Residents saddened by gallery approval

289638_01 Alicia Hansford and children Allyra and Kabe at the site the gallery will be developed on. Picture: Gary Sissons.

By Eleanor Wilson

In late June, plans to build a $50 million art gallery – with $500 million worth of art – alongside a restaurant and function centre in the semi-rural suburb of Harkaway were approved by the State Government.

But local residents, who have long opposed the development of Rosemaur Gallery, say they are “surprised and saddened” by the decision.

Harkaway resident Alicia Hansford said she has no issue with the development of an art gallery, but claims it is the traffic from the 150-seat function centre and restaurant that poses safety concerns.

“You would have to agree the magnitude of the restaurant and function centre is not suitable for a narrow one way in and one way out small town road,” Ms Hansford said.

The $50 million Rosemaur Gallery will be developed on land owned by manufacturing magnate Lindsey Hogg, who plans to donate his multi-million-dollar private art collection to the gallery, which includes 150 works by artists such as Sidney Nolan, Brett Whiteley, Francis Bacon and Gustav Klimt.

The approved plans for the gallery, restaurant and function centre caters for a maximum of 300 patrons at a time, with up to 580 patrons permitted during quarterly large events.

In the 2021 census, Harkaway’s population was recorded at 1011 people, leading to concerns about the pressure the restaurant and function centre will put on the suburb’s infrastructure.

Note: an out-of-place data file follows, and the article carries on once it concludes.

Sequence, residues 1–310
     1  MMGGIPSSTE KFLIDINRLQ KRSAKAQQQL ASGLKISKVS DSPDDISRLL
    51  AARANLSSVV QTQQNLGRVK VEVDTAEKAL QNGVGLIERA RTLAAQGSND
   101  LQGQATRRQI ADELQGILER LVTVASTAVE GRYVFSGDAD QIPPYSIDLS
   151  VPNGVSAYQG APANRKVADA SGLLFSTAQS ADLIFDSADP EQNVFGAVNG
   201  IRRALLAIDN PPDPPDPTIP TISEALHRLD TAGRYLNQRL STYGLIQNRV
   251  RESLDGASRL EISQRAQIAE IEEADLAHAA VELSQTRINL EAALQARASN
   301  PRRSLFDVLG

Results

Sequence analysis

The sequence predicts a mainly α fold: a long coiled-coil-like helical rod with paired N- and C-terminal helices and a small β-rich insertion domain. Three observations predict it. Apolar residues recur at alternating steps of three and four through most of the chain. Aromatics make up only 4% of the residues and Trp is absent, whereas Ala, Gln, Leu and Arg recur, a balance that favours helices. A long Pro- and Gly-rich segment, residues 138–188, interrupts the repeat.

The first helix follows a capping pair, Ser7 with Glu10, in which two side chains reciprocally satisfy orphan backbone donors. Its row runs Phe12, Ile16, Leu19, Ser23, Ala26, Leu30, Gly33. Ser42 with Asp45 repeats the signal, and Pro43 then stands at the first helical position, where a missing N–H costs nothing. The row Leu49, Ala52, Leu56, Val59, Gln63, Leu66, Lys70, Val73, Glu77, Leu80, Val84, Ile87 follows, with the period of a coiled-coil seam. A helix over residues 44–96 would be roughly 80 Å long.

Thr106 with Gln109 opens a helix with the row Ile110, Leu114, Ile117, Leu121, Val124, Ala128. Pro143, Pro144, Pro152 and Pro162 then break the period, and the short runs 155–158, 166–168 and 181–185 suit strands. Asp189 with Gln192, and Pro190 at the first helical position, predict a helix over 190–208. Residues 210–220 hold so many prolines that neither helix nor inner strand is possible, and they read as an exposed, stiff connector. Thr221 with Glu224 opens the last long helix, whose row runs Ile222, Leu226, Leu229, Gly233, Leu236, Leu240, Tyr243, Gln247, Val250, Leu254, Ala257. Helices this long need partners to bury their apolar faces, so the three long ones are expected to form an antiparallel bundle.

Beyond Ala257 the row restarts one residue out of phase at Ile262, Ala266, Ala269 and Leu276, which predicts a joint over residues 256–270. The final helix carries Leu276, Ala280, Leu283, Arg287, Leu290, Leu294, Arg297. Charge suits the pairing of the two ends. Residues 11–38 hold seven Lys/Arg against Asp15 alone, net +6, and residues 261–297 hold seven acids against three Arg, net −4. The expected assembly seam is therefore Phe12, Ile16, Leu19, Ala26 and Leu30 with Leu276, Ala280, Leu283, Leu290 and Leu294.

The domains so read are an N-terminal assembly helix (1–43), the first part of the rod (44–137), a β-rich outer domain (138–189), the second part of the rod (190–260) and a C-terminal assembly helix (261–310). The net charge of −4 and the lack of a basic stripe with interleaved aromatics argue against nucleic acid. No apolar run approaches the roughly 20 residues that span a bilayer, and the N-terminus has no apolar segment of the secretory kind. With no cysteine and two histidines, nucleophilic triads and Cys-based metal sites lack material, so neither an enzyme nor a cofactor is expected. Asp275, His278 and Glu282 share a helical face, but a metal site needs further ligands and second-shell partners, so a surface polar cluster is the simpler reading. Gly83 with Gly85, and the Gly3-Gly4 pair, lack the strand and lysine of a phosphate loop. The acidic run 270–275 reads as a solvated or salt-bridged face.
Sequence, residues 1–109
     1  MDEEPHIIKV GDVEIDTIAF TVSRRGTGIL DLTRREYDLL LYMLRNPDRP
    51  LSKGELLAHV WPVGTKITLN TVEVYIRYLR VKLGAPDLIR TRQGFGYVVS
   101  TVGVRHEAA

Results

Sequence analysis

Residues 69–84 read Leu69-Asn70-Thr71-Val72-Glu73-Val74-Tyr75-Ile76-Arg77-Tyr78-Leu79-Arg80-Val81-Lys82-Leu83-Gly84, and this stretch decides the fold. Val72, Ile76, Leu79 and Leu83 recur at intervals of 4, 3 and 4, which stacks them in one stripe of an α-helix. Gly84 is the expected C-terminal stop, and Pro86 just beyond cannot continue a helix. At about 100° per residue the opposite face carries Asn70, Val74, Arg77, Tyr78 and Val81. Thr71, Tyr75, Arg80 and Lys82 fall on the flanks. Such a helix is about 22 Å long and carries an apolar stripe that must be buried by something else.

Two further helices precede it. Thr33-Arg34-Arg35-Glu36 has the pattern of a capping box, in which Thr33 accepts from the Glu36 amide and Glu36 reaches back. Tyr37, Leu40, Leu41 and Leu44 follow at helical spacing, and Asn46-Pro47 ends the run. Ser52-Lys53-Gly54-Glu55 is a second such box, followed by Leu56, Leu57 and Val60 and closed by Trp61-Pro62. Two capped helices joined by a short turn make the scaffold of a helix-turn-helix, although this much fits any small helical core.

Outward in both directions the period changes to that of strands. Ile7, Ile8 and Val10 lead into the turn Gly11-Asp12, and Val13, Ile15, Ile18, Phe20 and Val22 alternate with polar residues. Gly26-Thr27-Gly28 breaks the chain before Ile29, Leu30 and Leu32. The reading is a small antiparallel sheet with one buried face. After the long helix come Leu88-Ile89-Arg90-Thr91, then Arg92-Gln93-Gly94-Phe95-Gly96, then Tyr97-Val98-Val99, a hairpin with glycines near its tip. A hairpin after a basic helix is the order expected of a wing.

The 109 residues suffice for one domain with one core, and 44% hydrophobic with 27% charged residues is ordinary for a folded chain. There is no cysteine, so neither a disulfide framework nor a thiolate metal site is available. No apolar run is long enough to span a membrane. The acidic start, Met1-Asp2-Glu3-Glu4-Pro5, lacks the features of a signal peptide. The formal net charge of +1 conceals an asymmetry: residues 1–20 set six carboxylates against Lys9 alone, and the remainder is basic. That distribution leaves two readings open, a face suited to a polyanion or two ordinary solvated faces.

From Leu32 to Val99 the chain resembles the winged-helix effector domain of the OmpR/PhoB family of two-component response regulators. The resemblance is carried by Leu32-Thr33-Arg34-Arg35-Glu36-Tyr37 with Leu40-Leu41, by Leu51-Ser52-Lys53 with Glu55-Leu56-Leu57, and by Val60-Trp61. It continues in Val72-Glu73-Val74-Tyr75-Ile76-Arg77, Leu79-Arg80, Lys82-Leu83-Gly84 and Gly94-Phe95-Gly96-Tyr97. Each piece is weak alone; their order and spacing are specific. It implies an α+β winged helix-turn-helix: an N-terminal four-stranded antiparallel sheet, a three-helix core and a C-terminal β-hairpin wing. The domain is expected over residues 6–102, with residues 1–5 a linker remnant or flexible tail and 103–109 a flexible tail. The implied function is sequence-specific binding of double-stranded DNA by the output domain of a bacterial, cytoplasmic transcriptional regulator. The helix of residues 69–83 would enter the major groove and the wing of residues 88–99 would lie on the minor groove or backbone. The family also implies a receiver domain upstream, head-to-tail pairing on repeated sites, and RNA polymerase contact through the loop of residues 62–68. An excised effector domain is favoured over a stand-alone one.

Ms Hansford, along with many other residents in Harkaway, have been outspoken about their disapproval of Rosemaur Gallery since plans for its development first arose several years ago.

A Rosemaur Gallery Advisory Committee garnered 521 submissions from members of the public in late 2020, of which 83 per cent opposed the proposal, citing concerns including the location, traffic, bushfire danger and impact to flora and fauna.

Another concern held by locals is the long, hilly, one way in one way out unsealed road the gallery land sits on – known as King Road.

“We don’t have the right infrastructure in Harkaway for a development of this size. The road is unpaved, there’s no footpath and we have two big blind corners in Harkaway, which non-local traffic would not be aware of,” Ms Hansford said.

“Who will be paying for the required upgrade of the narrow dirt King Road? The ratepayers of the City of Casey?”

She also holds fears for the safety of students at the local Harkaway Primary School.

“There is no planning or rectification for the congestion and safety in front of Harkaway Primary school, as the last session lunch session finishes at school pick up. Again this poses the risk of potential loss of a child’s life,“ Ms Hansford said.

Despite residents’ concern, Casey Council has been consistently supportive of the proposed development, calling it “an enormous community asset”.

“Council supports the Rosemaur Gallery project because it is so unique an opportunity that if delivered, the art collection would be an enormous community asset albeit held by a charitable not for profit entity,” the council said in a submission to the Rosemaur Gallery Adivsory Committee.

“ It would in turn, in addition to its cultural significance and through the proposed development, offer a high-quality tourism destination, economic development opportunities, and social benefits not just for Casey municipality but for the State of Victoria. “

While Mr Hogg and design firm Architecture Associates have been given the go ahead by planning minister Richard Wynne, Ms Hansford said she feels there are no options left to rebuke the development.

“I think a lot of the residents here would love to take it to the Supreme Court, but we just don’t have the funds to justify it,” she said.

“What more can we do, we don’t have the money, we don’t have billions.”

The State Planning Minister’s office and Architecture Associates were contacted for comment.